First Phenome Centre Opens in Birmingham,UK

Efforts to Improve World Healthcare

Birmingham boost for global efforts to enhance treatments for disease and ageing . . . . reports Asian Lite News

Efforts to Improve World Healthcare
Efforts to Improve World Healthcare

Global efforts to tackle key medical challenges, such as disease diagnosis, identification of the right treatments and improving the health of ageing populations, have been boosted by the official opening of the Phenome Centre in Birmingham.

The £8 million facility is the third Phenome Centre to open globally, following the National Phenome Centre in London and the Singapore Phenome Centre. More centres are planned across the world, with a view to creating a network of facilities that will allow for significant advances in studies of metabolism in human health and disease, to benefit the UK and global population.

Funded by the Medical Research Council, University of Birmingham and industry partners, the centre will allow scientists at the University of Birmingham in collaboration with Birmingham Health Partners to conduct and translate to the clinic metabolic phenol-typing studies.

These studies would primarily focus on understanding molecular mechanisms associated with human ageing, and how diseases develop across the life course into old age. It would try and identify molecular targets for nutritional, exercise or drug interventions to fight diseases such as diabetes, cancer and arthritis; and identify metabolic biomarkers that will help in the diagnosis of diseases, and comprehend how patients will respond to treatment.

Thousands of samples of human blood, urine and tissues will be measured alongside extensive computational analyses, drawing on the regional strengths of Birmingham; a large and ethnically diverse population, the integrated research and translation available with the Birmingham Health Partners and a leading clinical trials unit.

Life Sciences Minister George Freeman MP said: “This world-leading centre will help enhance our understanding of diseases, and potentially allow NHS patients to have more targeted and personal treatment.” He further added, “It also confirms the West Midland’s status as a thriving medical sciences hub, which plays a vital role in supporting the UK’s £60 billion life sciences industry.”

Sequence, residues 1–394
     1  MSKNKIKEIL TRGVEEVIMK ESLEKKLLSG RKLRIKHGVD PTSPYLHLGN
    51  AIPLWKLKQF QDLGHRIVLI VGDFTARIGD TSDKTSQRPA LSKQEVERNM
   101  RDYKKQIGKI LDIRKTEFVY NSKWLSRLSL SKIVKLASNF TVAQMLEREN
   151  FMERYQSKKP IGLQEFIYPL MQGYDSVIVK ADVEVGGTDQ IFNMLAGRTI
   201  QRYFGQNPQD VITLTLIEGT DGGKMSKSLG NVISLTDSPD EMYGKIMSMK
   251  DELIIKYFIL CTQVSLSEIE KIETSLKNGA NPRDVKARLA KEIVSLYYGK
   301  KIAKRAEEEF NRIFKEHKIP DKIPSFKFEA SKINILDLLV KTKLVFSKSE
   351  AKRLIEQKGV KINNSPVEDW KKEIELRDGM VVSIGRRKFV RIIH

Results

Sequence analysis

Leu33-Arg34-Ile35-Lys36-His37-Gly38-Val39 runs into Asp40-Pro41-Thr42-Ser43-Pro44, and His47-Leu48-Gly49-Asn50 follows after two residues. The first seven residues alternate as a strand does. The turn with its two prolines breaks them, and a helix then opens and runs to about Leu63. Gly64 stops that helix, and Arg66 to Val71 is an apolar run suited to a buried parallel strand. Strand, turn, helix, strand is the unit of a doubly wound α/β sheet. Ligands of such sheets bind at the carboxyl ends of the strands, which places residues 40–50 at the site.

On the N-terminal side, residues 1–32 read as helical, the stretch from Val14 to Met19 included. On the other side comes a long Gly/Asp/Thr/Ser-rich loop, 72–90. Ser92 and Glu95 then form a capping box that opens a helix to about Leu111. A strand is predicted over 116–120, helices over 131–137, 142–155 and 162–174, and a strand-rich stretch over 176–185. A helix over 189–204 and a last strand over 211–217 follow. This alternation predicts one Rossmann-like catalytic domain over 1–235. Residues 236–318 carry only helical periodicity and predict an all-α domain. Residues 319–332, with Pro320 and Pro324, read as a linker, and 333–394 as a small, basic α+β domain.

The event was attended by visitors from the Government and the life sciences sector, including Professor Sir Mark Walport, Chief Scientific Advisor to the UK Government, who officially opened the centre. Professor Mark Viant, from the University of Birmingham, explained: “Metabolic phenotyping really allows us to understand individuals in a way we’ve not been able to before. It will help us to understand how to get the right treatment, to the right patient, at the right time. For Birmingham to be at the cutting edge of this research will be of great benefit to the region and the UK, and something we can all be rightly proud of.”

Dr Rick Dunn, also from the School of Biosciences at the University of Birmingham, added: “This facility will analyse up to 50,000 human samples each year and will be an epicentre for a wide range of research  to provide benefits in early disease diagnosis through screening and rapid identification of the correct treatment. This is made possible through the state of the art equipment provided by our four industry partners, Beckman Coulter, Bruker, Thermo Fisher Scientific and Waters.”

[mc4wp_form id=""]